This video says it all:
I definitely questioned my appearances growing up--first of all, I wasn't White like most of the other girls. I remember being told that I looked a lot like my grandpa from my dad's side, and didn't really know how to feel about that. I was scrawny, wearing mostly whatever my sister would pass down to me, and did whatever I could to fit in with everyone else. Those years were rough. When middle school rolled around though, I felt like I turned a new leaf. I met some really great people, and felt confident in who I was as a person. I discovered I had a lot of hobbies and interests, and that if I did the things I loved, I would have tons of chances to meet other people who did the same thing--I was right.
High school was pretty solid, but was rocky on a few occasions. I'd had someone tell my I would be pretty if I didn't have such big lips. I had someone else tell me I was good looking...for an Asian. Hell, I even had someone tell me I would be good looking if I wasn't Asian. I was really lucky to have built a pretty solid foundation in middle school to recognize that these people's opinions didn't matter. I mattered. I am a strong, capable human being, and it's nobody's place to determine my worth.
If I had thought high school had it's rough moments, college was even more of a challenge. I had a hard time finding friends that I had a lot in common with (I'm okay with that now because the friends I DID make are pretty awesome). I questioned myself over and over again, trying to meet people I could relate to, and eventually I did. I ended up joining a sorority, which could have been a terrible experience (since I joined one where the girls looked put-together at just about every moment of every day), but it wasn't. We had a guideline to follow called the four F's: food, fashion, fat, and fitness. These were topics that we, as a chapter, agreed to avoid talking about. It was put in place to be respectful of each other, and while every so often we would make jokes about it, it was one of the most respectful things I could imagine a sorority would put in place. People were kind, and not even close to being as critical as the nightmare stories I'd heard about sorority life.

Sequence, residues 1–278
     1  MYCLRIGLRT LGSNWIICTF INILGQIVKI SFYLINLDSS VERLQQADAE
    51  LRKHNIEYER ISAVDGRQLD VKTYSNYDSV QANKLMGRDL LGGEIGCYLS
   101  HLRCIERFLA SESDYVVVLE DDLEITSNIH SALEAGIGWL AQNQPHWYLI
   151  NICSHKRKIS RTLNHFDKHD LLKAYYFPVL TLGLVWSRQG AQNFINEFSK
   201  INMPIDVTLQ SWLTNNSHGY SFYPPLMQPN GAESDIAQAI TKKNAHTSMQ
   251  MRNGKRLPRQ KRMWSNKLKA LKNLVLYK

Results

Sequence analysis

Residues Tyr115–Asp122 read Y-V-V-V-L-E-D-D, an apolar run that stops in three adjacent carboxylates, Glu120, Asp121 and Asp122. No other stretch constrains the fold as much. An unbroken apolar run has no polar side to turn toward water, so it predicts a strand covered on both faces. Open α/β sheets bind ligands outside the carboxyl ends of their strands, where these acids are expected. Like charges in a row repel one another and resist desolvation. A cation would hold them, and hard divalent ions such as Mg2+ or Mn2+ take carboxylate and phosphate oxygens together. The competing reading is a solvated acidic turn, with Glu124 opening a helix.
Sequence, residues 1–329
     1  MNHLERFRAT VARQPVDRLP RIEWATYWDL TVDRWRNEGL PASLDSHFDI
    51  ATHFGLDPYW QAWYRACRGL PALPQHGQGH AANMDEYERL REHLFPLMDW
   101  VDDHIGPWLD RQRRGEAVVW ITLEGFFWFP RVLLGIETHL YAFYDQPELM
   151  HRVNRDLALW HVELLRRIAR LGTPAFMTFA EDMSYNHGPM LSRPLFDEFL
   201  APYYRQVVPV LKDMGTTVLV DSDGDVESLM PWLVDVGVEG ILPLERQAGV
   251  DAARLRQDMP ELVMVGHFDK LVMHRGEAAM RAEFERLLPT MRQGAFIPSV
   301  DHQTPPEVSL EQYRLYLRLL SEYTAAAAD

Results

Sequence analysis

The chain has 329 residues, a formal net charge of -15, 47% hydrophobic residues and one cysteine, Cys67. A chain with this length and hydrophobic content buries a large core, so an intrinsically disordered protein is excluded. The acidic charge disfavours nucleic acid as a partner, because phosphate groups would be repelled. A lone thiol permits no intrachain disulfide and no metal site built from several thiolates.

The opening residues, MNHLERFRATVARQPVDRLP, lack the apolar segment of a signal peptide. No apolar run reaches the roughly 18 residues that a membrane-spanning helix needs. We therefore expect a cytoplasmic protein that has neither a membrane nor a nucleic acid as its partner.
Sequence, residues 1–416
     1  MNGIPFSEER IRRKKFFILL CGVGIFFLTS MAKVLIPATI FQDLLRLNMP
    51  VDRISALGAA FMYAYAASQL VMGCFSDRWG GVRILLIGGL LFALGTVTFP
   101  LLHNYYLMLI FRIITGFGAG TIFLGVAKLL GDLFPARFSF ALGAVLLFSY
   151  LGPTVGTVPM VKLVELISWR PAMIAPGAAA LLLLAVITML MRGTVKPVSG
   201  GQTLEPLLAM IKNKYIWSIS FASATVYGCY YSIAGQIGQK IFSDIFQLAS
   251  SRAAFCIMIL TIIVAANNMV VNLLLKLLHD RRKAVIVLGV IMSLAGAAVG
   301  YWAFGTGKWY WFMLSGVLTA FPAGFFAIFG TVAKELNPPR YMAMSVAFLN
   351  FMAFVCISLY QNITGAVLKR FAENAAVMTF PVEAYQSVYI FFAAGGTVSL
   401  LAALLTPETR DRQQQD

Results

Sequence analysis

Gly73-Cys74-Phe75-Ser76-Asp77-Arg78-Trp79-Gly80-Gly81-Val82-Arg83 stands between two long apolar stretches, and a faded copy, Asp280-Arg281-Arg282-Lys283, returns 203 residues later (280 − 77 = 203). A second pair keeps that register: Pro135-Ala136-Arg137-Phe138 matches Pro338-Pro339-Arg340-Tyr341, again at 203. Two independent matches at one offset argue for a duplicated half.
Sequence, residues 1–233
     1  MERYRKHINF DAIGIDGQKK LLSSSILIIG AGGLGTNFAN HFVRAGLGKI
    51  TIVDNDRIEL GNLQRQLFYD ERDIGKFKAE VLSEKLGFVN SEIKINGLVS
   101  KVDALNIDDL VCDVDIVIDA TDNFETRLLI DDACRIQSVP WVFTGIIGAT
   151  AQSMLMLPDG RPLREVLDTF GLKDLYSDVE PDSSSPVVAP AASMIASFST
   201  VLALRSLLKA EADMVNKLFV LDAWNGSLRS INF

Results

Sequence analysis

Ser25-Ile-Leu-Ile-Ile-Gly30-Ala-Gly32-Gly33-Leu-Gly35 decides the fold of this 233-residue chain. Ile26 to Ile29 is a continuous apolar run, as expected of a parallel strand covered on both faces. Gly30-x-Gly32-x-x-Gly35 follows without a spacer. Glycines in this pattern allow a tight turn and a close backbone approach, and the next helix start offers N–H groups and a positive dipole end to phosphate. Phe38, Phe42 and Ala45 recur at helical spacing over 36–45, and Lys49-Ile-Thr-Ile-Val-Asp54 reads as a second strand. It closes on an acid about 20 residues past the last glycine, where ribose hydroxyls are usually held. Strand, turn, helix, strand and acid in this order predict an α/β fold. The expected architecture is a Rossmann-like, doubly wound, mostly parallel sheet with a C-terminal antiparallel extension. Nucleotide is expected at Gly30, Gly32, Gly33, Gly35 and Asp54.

Now onto post-college life, I'm happy. I'm happy with the way I look. The past year or two have been really good to me. I'm still not quite to where I want to be fitness-wise, but I'm stronger, fitter, and healthier than I've ever been. I'm okay leaving the house without make-up. I feel like I've managed to build my confidence up to a point where I know my own self worth, and do whatever I can to help others know theirs. I know too many beautiful women who do nothing but cut themselves down, and I would be a bad friend to let that continue.
Here's my challenge to you: grab a dry-erase marker. When you look in the mirror each morning, write down something you like about the way you look. At the end of the week, or even better--at the end of the month, read everything you've written and see how you feel. We're all beautiful people--we just need to focus on what makes us beautiful, rather than focus on the negatives.
What's your story? To the men out there, do you feel the same pressures to question your appearances? To the women out there, if you're critical about your own appearances, why?